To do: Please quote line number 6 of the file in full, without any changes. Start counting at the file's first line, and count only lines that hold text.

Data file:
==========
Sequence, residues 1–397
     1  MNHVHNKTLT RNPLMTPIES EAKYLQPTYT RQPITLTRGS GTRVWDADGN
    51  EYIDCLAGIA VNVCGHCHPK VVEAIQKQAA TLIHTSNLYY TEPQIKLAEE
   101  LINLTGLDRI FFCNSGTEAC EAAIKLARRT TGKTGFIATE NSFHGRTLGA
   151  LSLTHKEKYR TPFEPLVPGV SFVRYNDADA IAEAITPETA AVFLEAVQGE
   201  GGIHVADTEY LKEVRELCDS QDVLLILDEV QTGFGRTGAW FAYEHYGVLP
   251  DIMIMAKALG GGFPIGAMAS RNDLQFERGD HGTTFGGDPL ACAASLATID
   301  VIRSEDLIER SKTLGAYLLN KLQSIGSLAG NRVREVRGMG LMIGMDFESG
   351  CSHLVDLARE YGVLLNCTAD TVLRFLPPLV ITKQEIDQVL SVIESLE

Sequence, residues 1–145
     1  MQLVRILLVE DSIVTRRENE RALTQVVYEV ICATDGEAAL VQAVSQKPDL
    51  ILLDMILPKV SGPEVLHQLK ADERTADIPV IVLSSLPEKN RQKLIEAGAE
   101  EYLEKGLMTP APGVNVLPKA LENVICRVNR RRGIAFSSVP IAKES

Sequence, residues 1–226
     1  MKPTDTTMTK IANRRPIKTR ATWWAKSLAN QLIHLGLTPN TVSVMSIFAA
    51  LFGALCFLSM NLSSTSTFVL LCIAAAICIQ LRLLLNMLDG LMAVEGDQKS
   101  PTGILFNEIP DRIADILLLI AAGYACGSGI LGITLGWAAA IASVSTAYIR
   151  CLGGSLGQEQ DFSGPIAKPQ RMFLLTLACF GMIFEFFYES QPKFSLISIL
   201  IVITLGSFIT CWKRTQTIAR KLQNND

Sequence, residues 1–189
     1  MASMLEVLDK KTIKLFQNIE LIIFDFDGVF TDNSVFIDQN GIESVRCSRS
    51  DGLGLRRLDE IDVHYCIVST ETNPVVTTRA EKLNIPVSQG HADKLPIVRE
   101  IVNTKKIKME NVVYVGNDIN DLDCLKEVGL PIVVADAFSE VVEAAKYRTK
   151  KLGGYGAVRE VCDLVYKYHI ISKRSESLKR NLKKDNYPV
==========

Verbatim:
   201  GGIHVADTEY LKEVRELCDS QDVLLILDEV QTGFGRTGAW FAYEHYGVLP